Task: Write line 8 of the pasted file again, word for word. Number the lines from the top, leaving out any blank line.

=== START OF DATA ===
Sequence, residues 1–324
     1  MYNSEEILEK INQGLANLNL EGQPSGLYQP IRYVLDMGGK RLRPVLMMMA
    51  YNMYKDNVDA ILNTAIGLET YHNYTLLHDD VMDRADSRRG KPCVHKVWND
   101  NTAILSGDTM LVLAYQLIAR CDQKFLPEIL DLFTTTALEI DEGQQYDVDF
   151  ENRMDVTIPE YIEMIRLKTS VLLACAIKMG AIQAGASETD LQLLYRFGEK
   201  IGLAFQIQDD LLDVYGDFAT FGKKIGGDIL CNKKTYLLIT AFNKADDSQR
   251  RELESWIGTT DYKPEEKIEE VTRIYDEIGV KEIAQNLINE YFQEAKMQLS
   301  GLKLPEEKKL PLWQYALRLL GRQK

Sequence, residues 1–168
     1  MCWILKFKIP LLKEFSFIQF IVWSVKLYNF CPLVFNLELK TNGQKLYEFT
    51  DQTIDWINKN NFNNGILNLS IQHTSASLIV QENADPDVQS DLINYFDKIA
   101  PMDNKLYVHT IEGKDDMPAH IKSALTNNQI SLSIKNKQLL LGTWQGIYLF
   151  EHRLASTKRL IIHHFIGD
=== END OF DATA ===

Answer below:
   301  GLKLPEEKKL PLWQYALRLL GRQK